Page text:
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It's said that laughter is contagious, and that a child's laughter is magic. What this means to you is that the best way to watch Diary of a Wimpy Kid is with a theater full of enthusiastic 5-10 year olds who know what's coming at every turn and revel in every booger and fart as if they were their own. Having the right audience will definitely affect your perception of the film, so surround yourself with the right people and get the most out of your ten bucks, or see it late on a school night and completely miss everything this movie tries to do: remind you what it's like to be in middle school trying your hardest to not suck.
Diary of a Wimpy Kid follows Greg Heffley, a shrimp who's a little behind the curve on his growth spurt, trying to make it in a world of genetically mutated preteens and the scariest beings known to sixth graders... girls. After failed attempts to change his friends and his life, Greg alienates himself from everyone, ruining any chance he had at landing himself on the middle school yearbook's 'class favorites' page.
The movie teaches kids one thing: as long as you have one grand gesture of redemption planned and the end of the year, you can spend all your time before then being the world's biggest douche. Even after Greg (and the audience for that matter) is slapped across the face with his mom's "it's the choices we make that make us who we are" line, Greg continues making the wrong decisions at every possible moment creating even bigger rifts between himself and his dorky friends, who are quite possibly the saving grace of the film. Greg's best friend Rowley is mentally stuck in elementary school, refusing to trade in his look, his "Joshie" bike, and his love for his mom for the fame and recognition the super-naive Greg keeps promising. He's hilariously oblivious to the real world and it almost always makes for some on-point under aged comedy. The "McLovin" of the group is Fregley, sporting glasses as big as his head and hair so red you could use him to light your way through an abandoned cave. Every line delivered by the young actor is comic gold. From something as simple as him sitting on the floor with the "cool kids", to seeing him loudly proclaim, shirt raised, that his secret mole has a hair in it, Fregley steals every scene he's in.
Skirting the edge of the group is Chloe Moretz as essentially the same character she plays in (500) Days of Summer, the voice of reason and guidance. The only difference is that in (500) Days she's charming and adorable guiding her lost brother through his bad times, and in Diary of Wimpy Kid she comes off as a bit of a pretentious know-it-all, mostly thanks to the fact the when she first appears she's reading Howl and spouting off lines about four years too old for her. She's 13 in the real world and could play 20 if she wanted too, which makes the idea of her playing a 12-year-old seventh grader a little ridiculous. She'll be perfect for her role in Let Me In, but here they should have hired someone a little bit younger in age and/or demeanor for this.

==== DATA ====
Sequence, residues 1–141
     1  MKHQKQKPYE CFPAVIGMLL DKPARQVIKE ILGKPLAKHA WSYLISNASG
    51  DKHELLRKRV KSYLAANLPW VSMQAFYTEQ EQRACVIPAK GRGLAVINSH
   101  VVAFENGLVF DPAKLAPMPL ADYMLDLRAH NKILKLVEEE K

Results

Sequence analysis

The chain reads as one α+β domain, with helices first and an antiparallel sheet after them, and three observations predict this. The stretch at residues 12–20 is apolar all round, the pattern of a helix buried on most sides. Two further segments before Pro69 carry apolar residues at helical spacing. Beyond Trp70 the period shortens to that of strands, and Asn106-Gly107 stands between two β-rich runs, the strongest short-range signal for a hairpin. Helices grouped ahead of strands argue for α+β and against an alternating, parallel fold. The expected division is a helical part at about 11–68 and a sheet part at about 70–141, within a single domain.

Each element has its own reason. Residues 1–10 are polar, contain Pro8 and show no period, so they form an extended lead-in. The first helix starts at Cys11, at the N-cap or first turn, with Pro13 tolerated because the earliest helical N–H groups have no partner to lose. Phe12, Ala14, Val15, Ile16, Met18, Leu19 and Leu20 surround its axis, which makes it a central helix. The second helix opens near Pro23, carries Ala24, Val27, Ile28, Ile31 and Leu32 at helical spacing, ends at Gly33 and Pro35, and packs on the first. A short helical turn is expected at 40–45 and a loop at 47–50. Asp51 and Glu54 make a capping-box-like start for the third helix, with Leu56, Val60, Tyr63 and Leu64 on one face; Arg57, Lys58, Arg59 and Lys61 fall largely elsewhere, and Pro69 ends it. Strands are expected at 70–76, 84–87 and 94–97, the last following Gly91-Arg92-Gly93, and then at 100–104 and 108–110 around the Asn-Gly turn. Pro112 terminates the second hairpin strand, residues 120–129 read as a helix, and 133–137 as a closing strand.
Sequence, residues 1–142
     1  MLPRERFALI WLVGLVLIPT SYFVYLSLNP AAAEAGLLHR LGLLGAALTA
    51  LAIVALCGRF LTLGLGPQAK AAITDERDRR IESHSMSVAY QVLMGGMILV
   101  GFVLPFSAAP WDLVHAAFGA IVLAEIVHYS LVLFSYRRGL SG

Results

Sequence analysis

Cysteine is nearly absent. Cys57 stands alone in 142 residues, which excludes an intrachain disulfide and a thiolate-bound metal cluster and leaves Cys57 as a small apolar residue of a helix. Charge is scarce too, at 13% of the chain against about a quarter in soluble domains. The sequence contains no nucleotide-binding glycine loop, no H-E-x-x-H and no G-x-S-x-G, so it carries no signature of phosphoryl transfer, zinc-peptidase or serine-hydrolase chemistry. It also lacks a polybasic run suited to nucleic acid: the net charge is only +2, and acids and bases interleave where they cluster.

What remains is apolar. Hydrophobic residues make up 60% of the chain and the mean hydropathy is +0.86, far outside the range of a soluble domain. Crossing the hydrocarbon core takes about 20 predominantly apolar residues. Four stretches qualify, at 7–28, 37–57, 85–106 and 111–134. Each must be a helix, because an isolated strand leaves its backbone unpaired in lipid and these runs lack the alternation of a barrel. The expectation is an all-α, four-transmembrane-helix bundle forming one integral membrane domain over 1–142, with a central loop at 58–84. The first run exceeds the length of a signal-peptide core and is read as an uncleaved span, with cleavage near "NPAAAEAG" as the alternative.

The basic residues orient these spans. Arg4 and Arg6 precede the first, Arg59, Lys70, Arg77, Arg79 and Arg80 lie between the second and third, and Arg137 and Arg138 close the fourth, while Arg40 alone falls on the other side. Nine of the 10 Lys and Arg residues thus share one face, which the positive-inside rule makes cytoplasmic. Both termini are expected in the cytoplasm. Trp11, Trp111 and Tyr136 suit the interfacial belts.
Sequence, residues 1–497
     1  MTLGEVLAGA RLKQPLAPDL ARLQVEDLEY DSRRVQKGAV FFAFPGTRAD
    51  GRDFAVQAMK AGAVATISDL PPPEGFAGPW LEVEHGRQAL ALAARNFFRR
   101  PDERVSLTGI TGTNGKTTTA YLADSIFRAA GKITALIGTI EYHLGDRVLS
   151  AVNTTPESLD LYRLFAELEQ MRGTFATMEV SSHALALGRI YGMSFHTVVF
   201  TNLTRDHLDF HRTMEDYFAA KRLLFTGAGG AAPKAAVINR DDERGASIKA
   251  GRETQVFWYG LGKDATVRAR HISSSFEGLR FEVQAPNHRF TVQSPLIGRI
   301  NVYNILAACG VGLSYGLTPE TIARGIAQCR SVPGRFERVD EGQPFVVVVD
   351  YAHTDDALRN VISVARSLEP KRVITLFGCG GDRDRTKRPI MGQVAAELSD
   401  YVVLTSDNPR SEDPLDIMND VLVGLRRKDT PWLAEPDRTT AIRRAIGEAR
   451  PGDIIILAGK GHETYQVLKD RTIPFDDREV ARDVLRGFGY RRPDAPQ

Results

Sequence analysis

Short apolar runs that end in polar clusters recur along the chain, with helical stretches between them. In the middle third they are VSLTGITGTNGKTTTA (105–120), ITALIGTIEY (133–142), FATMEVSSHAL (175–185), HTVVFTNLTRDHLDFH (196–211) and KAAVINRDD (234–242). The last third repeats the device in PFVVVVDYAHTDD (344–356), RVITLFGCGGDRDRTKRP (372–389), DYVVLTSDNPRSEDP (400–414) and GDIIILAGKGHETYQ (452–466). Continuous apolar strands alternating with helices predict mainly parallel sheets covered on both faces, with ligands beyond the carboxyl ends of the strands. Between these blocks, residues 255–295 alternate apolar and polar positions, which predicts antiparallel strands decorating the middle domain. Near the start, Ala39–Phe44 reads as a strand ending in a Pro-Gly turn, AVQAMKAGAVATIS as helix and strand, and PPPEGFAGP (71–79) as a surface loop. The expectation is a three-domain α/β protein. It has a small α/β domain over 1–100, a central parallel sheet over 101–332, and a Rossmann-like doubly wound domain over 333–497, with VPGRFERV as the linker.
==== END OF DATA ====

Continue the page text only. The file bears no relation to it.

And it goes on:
There's a fun blend of animation in with the live action to give the film a bit more congruency with the best selling book by Jeff Kinney. Watching the animation draw itself onto the screen never feels distracting, forced, or overdone. It's used just the proper amount to remind young kids exactly what they're watching, and convey certain emotions and actions that work best when told through stick figures. Beyond that, the film is cinematically standard, taking no risks with the camera or the lighting, but why would it? Director Thor Freudenthal (awesome name) aimed his story at kids who don’t care about cross processing a print, or filming scenes at a dutch angle. All they came to see was Greg Heffley worry about the 'cheese touch' and navigate his way through his first year of middle school, so that's what they got.
Diary of a Wimpy Kid never reaches past the level of a kids movie. Sometimes there are smart bits of dialog and there's one or two moments that will have you laughing even if you're by yourself, but this movie targets little kids, and it hits the nail on the head. It's fun, witty, and most of all a reminder that no matter how old we are, we were kids once, and most of us went through the same thing Greg, Rowley, and Fregley are going through in one way or another. The movie does absolutely nothing that's going to revolutionize the way you think about kids films, it's not Pixar for the gods' sake. But what it does do is make every little kid that gets sat in front of it laugh, and sometimes that's all a movie really needs to do.